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Galaxy 1068 is shown in visible light and X-rays in this composite image. High-energy X-rays (magenta) captured by NASA’s Nuclear Spectroscopic Telescope Array, or NuSTAR, are overlaid on visible-light images from both NASA’s Hubble Space Telescope and the Sloan Digital Sky Survey. The X-ray light is coming from an active supermassive black hole, also known as a quasar, in the center of the galaxy. This supermassive black hole has been extensively studied due to its relatively close proximity to our galaxy. NGC 1068 is about 47 million light-years away in the constellation Cetus.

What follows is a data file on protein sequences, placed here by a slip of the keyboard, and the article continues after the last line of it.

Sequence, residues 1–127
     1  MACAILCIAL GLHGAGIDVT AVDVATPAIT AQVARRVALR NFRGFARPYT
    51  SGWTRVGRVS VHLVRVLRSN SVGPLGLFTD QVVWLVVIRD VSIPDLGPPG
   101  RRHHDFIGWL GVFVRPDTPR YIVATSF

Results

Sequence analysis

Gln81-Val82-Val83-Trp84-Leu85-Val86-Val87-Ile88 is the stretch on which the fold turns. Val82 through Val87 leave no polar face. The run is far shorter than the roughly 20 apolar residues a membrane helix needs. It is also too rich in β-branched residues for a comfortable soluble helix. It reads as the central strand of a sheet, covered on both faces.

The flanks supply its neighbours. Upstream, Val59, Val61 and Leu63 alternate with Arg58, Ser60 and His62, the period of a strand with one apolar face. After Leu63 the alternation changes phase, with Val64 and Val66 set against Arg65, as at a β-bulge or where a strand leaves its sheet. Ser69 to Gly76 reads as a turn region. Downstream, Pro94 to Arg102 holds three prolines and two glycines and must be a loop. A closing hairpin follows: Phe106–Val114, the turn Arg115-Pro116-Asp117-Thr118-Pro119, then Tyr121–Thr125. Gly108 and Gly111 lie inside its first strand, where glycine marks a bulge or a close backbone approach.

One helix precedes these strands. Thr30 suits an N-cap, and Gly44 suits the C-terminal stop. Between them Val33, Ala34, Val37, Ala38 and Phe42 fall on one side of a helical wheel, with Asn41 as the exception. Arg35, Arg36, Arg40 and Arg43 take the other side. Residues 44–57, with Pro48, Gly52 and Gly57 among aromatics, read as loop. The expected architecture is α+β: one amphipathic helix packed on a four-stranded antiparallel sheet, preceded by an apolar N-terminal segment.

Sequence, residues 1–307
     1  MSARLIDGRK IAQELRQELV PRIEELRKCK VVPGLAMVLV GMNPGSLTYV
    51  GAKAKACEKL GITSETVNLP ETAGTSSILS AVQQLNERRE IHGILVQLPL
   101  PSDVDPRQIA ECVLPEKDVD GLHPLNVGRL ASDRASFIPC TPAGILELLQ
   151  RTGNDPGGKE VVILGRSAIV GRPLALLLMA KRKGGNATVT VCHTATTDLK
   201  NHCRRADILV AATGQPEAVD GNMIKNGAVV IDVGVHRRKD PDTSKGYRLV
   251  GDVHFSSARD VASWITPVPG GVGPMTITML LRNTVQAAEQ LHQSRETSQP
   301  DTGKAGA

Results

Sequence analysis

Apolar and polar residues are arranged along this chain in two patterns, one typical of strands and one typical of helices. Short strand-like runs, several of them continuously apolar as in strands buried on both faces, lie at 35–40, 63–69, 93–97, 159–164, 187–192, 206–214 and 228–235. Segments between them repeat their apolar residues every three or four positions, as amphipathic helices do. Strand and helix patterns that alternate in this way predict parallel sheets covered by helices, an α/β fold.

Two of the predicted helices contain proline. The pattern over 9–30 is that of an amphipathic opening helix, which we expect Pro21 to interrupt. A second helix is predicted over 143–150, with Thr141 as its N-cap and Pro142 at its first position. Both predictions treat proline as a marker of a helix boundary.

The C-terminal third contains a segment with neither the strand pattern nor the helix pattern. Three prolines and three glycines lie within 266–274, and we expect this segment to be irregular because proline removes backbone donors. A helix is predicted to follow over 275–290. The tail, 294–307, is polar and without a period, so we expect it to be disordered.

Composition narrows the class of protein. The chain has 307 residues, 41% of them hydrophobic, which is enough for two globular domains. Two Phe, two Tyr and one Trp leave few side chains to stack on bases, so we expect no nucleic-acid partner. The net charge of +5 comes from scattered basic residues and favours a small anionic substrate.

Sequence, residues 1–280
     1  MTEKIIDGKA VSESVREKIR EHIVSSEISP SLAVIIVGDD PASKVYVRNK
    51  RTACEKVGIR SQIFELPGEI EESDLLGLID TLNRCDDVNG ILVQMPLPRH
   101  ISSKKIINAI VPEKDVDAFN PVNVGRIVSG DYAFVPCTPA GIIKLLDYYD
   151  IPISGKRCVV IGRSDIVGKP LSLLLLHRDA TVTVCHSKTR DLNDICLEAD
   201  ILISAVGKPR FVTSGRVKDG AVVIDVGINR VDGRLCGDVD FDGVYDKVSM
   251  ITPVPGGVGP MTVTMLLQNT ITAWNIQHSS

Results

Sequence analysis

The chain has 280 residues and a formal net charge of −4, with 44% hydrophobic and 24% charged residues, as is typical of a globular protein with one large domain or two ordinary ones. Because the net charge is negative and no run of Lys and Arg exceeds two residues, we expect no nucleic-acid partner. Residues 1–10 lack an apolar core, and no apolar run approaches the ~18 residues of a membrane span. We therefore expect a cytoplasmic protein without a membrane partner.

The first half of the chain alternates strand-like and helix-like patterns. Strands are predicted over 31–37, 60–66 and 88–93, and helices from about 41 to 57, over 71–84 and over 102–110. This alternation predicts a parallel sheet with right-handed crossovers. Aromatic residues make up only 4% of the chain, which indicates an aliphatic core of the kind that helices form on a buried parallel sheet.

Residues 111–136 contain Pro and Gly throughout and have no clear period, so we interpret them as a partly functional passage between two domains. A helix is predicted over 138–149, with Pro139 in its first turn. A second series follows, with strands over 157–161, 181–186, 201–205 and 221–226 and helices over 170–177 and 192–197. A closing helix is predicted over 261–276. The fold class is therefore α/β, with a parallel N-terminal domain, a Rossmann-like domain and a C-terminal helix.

The supermassive black hole is also one of the most obscured known, blanketed by thick clouds of gas and dust. NuSTAR’s high-energy X-ray view is the first to penetrate the walls of this black hole’s hidden lair.

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